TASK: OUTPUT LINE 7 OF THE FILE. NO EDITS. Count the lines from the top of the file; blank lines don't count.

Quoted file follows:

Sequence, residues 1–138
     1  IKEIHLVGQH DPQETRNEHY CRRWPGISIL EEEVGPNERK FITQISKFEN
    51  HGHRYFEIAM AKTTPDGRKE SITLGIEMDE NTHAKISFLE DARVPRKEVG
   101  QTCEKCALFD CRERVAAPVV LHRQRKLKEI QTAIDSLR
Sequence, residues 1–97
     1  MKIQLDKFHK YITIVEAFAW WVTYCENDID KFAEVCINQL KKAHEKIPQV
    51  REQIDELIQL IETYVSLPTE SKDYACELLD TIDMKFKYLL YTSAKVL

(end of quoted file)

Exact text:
    51  REQIDELIQL IETYVSLPTE SKDYACELLD TIDMKFKYLL YTSAKVL